The tap.  Really.  For bulk storage, there’s not really much better.  Even if you have to filter it, it’s still much cheaper than most of the alternatives.  Now that said, I always store 500ml bottles of water for easy use.  We go through them pretty quickly, so they rotate and are never stored all that long.  It’s great for shorter term preps, that’s for sure.

Please don’t go buy expensive water for storage.  You’re just wasting your money.

Wrapping up

Be sure to check out my other water posts for more details!  And if you have any questions about anything, please let me know!

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10 Responses to Answering Your Questions On Water Storage

  1. Rudy: Regarding water storage, all of your ideas and info are really good.I came by another solution, which I think works great: When my wife is done with bleach bottles, regular and not scented, I fill them with water without rinsing or doing anything else.I then store them in a dark area.I have had some for over 15 years, they were filled from a well at a former house, and for grins, I opened and checked one.No algae or other growths, smelled good, no discoloration.The water tasted flat but after “aerating”it was good. This water has been through hot/cold/freezing cycles, the containers are still soft and flexible. For info, I also have filters, bleach and tablets, but this seems to be a simple and inexpensive solution.

    BW

    • Yup, those containers are great as well.

      With as much water as we have to store, I often feel like even 55 gallon drums are too small. But smaller families can easily get by with containers like you mention.

  2. Great info, Rudy; Thanks! One kind of container I use a lot around here is kitty litter jugs. Yes, I clean them thoroughly first! They hold about 2-1/2 gallons, which is not too heavy, and they have a molded handle. I use one every day to refill the chickens’ water fount, and they’re great for bringing water up from the 55-gal barrels in the cellar. Also, they’re very easy to handle/pour from — just pour them sideways, and you eliminate the “glug” almost immediately.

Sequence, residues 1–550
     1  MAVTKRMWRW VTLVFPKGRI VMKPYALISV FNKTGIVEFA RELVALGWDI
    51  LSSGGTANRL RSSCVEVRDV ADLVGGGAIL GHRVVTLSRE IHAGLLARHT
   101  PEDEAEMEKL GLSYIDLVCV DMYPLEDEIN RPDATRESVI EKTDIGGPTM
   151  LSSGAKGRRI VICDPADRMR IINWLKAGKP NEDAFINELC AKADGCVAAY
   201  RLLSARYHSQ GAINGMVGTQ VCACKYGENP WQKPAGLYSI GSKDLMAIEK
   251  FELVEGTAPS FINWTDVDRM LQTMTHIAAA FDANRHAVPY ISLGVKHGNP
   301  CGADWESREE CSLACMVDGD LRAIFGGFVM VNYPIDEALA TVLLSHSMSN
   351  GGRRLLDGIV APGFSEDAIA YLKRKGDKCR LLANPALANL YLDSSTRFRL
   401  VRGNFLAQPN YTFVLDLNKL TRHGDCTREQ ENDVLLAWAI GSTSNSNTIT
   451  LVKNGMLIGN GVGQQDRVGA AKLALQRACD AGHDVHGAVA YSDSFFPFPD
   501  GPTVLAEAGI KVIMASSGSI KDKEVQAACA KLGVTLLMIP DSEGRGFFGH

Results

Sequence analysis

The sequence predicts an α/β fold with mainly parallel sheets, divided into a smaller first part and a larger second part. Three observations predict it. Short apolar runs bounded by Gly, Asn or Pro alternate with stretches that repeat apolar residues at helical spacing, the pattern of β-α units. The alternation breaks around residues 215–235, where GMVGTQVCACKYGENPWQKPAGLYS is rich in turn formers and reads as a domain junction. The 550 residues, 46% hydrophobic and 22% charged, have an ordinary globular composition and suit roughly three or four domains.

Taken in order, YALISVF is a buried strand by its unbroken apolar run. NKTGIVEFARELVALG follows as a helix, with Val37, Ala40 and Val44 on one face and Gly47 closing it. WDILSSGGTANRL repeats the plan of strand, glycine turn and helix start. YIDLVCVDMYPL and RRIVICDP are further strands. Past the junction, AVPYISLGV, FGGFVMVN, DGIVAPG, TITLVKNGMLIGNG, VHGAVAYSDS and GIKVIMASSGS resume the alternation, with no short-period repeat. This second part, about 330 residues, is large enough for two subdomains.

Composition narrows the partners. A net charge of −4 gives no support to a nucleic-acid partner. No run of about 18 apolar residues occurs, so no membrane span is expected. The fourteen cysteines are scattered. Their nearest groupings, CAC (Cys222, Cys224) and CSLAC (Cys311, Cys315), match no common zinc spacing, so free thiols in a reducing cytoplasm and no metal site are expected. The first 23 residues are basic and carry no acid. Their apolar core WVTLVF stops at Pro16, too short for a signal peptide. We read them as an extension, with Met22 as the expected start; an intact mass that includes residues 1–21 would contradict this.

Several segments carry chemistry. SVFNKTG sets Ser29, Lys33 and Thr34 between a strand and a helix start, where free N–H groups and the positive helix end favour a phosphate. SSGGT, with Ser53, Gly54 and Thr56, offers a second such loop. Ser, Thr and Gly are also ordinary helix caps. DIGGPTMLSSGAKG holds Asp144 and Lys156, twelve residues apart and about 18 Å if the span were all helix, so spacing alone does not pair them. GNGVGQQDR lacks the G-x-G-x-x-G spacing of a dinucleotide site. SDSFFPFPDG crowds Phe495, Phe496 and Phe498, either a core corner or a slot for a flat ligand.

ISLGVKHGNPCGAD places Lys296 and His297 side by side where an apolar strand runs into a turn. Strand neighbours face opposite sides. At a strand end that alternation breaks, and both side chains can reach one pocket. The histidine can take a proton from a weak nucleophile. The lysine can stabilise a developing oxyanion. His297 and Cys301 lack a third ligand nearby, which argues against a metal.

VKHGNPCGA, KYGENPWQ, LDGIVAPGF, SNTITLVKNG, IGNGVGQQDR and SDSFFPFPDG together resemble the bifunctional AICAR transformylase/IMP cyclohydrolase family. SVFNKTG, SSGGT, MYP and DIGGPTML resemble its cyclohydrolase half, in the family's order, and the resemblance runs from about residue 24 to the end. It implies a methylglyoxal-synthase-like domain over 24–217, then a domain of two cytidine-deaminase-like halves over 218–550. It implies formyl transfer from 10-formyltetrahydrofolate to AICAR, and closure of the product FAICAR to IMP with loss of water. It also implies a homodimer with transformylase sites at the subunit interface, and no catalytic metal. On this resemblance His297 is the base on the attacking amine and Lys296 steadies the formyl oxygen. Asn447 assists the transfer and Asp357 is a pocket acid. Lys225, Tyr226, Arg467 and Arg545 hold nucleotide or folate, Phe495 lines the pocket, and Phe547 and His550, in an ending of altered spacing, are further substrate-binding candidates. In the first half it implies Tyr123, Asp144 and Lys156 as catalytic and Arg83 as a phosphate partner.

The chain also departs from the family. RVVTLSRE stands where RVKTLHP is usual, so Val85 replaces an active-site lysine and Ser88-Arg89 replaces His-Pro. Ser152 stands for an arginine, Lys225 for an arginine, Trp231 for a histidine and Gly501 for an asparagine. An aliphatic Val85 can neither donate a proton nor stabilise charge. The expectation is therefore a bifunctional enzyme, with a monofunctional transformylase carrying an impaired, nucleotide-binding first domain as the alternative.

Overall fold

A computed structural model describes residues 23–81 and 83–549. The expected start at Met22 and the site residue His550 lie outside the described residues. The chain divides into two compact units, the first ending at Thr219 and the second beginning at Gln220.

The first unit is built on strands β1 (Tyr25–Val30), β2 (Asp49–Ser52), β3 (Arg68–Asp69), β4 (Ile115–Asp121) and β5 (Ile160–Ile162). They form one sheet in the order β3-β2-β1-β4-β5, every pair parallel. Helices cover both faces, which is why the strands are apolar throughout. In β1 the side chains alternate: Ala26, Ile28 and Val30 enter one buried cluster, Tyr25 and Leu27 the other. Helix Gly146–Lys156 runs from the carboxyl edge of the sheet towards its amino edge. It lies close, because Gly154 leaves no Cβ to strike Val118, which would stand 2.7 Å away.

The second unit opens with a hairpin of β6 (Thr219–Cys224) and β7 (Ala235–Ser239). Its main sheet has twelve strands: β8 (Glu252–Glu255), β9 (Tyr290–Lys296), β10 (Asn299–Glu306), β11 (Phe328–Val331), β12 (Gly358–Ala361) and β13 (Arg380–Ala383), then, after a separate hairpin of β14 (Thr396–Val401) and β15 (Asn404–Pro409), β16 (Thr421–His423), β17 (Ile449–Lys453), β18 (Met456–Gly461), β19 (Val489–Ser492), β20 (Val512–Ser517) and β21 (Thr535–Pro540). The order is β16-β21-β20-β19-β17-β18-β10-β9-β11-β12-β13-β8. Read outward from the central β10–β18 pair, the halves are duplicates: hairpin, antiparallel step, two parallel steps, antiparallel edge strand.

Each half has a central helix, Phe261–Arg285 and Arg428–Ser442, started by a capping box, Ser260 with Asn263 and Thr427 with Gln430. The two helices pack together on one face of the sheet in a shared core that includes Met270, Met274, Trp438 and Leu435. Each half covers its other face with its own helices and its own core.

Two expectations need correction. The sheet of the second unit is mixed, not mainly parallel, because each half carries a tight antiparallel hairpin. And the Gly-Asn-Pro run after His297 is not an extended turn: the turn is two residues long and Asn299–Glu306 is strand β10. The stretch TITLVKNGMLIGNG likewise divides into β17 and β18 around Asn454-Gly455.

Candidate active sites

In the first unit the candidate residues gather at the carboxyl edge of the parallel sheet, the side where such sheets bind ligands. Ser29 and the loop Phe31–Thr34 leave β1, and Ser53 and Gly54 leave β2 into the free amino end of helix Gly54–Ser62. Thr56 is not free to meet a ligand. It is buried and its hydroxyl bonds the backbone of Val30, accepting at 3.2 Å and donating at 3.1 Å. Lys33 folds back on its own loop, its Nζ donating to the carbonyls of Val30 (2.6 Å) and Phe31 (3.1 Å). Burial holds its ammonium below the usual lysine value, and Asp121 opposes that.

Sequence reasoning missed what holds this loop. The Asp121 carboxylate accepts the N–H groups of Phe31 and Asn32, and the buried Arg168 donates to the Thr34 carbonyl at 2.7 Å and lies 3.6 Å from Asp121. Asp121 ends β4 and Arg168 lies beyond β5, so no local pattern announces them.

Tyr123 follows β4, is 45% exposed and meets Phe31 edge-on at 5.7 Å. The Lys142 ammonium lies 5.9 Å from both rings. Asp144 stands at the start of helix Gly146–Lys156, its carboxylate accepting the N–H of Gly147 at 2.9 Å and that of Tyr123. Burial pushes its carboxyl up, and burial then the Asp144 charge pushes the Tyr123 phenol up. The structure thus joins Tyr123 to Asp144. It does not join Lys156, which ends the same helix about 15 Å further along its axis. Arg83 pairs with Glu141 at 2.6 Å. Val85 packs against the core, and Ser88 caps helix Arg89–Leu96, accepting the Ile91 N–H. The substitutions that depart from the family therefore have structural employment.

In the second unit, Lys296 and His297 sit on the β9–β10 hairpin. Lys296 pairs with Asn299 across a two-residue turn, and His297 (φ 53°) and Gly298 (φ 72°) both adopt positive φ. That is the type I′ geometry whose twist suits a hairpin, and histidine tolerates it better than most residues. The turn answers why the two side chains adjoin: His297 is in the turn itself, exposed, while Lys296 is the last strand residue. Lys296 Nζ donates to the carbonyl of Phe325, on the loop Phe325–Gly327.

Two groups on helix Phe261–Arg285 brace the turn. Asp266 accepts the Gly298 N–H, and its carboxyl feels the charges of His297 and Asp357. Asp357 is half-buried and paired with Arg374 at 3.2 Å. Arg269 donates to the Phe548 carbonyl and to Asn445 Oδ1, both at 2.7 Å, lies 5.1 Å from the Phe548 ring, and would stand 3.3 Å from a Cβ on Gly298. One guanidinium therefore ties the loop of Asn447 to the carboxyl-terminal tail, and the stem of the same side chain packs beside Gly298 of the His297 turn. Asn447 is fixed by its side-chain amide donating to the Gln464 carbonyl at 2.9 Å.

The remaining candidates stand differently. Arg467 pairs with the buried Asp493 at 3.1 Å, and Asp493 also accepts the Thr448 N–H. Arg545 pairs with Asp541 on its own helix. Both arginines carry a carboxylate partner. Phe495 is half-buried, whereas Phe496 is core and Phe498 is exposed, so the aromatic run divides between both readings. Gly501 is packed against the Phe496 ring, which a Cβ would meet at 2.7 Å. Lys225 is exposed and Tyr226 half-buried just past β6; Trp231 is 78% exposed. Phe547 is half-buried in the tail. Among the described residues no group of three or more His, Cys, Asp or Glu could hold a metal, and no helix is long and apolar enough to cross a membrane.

Jack, Maine

    • not sure I could convince people about using kitty litter jugs 😉

      But in all seriousness, as long as the jug is made from food safe material, you can usually use it just fine … I’d avoid anything with liquid chemicals in it though, since they can leech into the plastic.

  3. Fixin to test that freezing theory! I filled a 65gl with 55gl and it is gonna hit single digits and stay below freezing for a while.

  4. I have two used 55 gal drums that had chemicals (nothing to harm your skin, etc.) in them. Since I couldn’t pass up anything free, I have filled them with water for non-potable uses like washing clothes and flushing toilets, etc. We have already used them when our water was shut off for 24 hrs due to a broken water line. Would hate to waste good drinking water on flushing a toilet in an emergency situation. That shut-off was a wake up call. It is amazing how much water we used in one day. I went out and bought a 250 gal in addition to what I already had. I also fill up empty bleach and 2 liter bottles.

  5. I have been treating my water per your instructions in 2litre pop bottles & storing in my cool, dark basement. How long is the water good for before I need to change the water in the bottles? Love your site, I really appreciate the information!

    • Check them every six months, but if they’re stored in the cool and dark, you’re probably good for a year or so. I wouldn’t want to go much longer than that since water is cheap.

      What you’re looking for is green algae type slime to start growing. Bad stuff!

  6. Can I fill my 55 gallon water barrels with water that goes through a water softener? I only have one hose spigot outside that is not softened water and don’t know if it would be better to fill using this or my inside sink faucet that is softened water. Does softened water store okay? Also, what are your opinions of using stabilized oxygen drops when storing water.
    Thanks